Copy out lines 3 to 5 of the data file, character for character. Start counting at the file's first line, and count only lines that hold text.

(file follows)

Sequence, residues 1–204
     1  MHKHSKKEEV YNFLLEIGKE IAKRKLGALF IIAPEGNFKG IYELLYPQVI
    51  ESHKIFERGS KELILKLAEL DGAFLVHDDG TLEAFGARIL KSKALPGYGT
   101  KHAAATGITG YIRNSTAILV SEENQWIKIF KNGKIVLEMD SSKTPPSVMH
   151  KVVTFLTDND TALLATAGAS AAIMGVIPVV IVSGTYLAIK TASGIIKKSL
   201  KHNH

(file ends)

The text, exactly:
    51  ESHKIFERGS KELILKLAEL DGAFLVHDDG TLEAFGARIL KSKALPGYGT
   101  KHAAATGITG YIRNSTAILV SEENQWIKIF KNGKIVLEMD SSKTPPSVMH
   151  KVVTFLTDND TALLATAGAS AAIMGVIPVV IVSGTYLAIK TASGIIKKSL